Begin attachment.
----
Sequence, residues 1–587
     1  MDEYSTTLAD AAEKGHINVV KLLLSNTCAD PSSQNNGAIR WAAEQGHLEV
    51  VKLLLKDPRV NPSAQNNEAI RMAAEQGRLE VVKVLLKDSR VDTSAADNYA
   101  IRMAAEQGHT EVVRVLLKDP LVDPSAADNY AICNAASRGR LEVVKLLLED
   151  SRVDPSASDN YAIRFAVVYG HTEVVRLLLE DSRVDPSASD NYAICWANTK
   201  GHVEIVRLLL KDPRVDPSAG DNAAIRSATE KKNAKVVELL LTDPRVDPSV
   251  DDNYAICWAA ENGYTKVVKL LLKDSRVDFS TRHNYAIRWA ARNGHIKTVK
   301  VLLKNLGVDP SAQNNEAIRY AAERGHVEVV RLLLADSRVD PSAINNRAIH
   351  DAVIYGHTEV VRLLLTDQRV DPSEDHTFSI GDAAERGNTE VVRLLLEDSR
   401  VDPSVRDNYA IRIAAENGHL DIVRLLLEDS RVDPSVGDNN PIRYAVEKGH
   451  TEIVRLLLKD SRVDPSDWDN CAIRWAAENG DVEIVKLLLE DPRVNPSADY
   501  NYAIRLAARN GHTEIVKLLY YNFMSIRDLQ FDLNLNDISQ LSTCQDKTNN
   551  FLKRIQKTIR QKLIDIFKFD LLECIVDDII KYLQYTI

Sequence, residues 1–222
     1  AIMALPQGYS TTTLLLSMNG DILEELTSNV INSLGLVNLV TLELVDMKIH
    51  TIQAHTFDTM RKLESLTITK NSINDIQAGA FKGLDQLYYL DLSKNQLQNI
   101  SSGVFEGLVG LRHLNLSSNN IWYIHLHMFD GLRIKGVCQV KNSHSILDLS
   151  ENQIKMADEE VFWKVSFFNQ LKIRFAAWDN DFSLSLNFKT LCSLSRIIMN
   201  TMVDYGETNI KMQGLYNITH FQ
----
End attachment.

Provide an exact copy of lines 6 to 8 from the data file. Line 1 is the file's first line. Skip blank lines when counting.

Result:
   201  GHVEIVRLLL KDPRVDPSAG DNAAIRSATE KKNAKVVELL LTDPRVDPSV
   251  DDNYAICWAA ENGYTKVVKL LLKDSRVDFS TRHNYAIRWA ARNGHIKTVK
   301  VLLKNLGVDP SAQNNEAIRY AAERGHVEVV RLLLADSRVD PSAINNRAIH